The American West is burning. Strangely, this is to some degree normal. Range fires and forest fires, usually started by lightning, burned large dry patches of the west every summer before Europeans arrived, maybe even before people arrived.

But it's getting worse.

Human negligence has long contributed to the problem through untended campfires, dropped cigarettes, fireworks, and heat and sparks from machinery.

But a more collective form of human negligence is increasing the problem--global warming is becoming a big factor. Cold places like the Arctic and Antarctic are getting warmer. Wet places like Ireland are experiencing unusual dry spells.

Millard County
Part of our fire problem is heat; summer is longer and hotter now. But the biggest factor is drought. Much of this country has always been a desert to begin with, but the dryer the vegetation is, and the sooner the landscape turns from green to brown, the more susceptible to fire everything is.

We had almost no snow and until March last winter. Little rain has fallen since. The reservoir  above our neighborhood is the lowest I've seen it in forty years.

California fires dominate the news every summer but we have them throughout the Rockies too. On dry years like this, they start before July and burn constantly well into the fall.

Remains of a fire at a wild bird refuge (wetland!) near the Great Salt Lake
I haven't personally seen any of this-year's fires. Though the mountains above me and the equestrian park next door often burn, we have been lucky so far.

We did have family camping plans cancelled because the area where our reservations were caught fire.

I'm happy to say that most of my neighbors observed the fireworks restrictions this year. I didn't see anything lit up near my home on the 4th or the 24th. The fact that a nearby home was severely damaged last year may have helped people realize that the restrictions are necessary.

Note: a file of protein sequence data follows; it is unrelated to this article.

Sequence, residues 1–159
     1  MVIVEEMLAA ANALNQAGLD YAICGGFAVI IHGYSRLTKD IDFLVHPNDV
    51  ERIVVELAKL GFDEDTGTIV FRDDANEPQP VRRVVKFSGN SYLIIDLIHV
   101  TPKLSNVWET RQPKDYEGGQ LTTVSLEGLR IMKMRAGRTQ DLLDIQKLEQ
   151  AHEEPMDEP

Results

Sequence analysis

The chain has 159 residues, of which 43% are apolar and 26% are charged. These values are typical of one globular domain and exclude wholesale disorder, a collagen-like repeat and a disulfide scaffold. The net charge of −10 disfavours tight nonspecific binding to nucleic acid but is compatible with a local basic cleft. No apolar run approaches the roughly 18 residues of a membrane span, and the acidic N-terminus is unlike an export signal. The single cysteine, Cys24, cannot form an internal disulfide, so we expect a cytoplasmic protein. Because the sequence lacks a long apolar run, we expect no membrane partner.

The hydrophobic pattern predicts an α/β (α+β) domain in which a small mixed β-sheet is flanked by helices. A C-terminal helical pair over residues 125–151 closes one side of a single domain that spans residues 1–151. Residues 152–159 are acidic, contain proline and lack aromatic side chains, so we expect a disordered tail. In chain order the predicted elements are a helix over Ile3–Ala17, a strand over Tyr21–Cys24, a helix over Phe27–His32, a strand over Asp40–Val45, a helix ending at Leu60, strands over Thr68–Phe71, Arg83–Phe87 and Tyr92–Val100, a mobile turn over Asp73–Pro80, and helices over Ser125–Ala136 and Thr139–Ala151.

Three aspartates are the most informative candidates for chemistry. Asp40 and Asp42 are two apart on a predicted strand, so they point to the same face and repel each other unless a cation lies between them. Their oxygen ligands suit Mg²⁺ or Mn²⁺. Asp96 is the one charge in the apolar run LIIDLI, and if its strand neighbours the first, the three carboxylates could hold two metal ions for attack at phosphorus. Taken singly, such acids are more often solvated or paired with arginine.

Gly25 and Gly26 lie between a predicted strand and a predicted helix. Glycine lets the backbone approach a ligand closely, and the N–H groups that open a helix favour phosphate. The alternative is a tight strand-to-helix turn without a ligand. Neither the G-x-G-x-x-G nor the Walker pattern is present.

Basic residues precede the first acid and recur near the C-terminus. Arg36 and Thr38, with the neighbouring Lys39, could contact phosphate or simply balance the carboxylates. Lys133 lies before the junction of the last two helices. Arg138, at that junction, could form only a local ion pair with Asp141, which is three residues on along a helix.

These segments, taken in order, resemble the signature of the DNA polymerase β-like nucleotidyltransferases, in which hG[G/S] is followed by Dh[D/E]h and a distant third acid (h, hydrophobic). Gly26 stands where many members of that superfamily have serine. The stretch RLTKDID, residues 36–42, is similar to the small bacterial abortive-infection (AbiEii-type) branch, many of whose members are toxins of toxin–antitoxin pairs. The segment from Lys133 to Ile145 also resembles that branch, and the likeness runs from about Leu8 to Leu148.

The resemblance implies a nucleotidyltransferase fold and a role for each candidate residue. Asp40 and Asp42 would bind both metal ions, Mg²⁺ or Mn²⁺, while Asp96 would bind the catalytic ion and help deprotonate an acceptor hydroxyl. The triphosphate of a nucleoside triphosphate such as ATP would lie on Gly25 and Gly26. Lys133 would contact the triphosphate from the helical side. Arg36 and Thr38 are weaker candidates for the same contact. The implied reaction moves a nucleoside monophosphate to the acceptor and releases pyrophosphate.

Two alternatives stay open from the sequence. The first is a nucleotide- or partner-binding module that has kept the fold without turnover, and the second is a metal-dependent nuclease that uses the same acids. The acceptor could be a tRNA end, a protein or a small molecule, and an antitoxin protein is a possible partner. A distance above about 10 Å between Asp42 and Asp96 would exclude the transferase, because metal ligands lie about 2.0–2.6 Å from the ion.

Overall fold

Though we haven't seen fire, we are breathing the smoke. Every day for the past two weeks the haze has increased. The Salt Lake Valley is a huge bowl that seems to suck in and store pollution, especially when the air is relatively still in summer and winter. What weather we get comes through California and brings more smoke.

Today (Thursday) is overcast and there are predictions of scattered showers, which are good, and thunderstorms, which are bad. So far the clouds are high and pale, so I'm not counting on either, but the lower temperatures are appreciated.

There is an odd silver (or golden) lining to the smoke. Sunsets are more colorful.

Unfortunately this is not where I worship--Pinterest picture
THE PODCAST is about two perfect summer days. It is also about worshipping in nature instead of formally in church. As a church goer, I can see the appeal of Emily's argument. Unfortunately for Dickinson, neither worshipping in church nor in her own garden eased her anxiety about the afterlife.


There may be a solution, or at least a diagnosis coming for my arm and shoulder pain. My rheumatologist signed me up for an MRI this coming Monday night.

I was surprised because I assumed almost all pain fit into either the RA or fibromyalgia slots, for which I am already taking whatever drugs are recommended. I'm not sure what can be done about pinched nerves,  or alien parasites, or whatever else may be causing the pain, but it is nice to be taken seriously.

Due to the arm pain and the blues they cause, I've been working on fiber prep and have four colors of yarn blended and ready to spin.

I also have two scarves finished, the first made on the loom during Shakespeare when I couldn't handle not knitting. I'll probably keep it because the ends are too raggedy to put up for sale and because it''s very neutral. I'm working on a sweater for myself from the remaining recycled yarn--using knitting needles.

The second,  I feel like I've been working on forever, though I started it on the way home from my vacation. I was getting totally sick of knitting it, but now it is finished, I'm falling back in love. The yarn was spun from a blend of wool, silk, and flax. The color is great. I had initially planned to put it up for sale, but I'm thinking of keeping it now.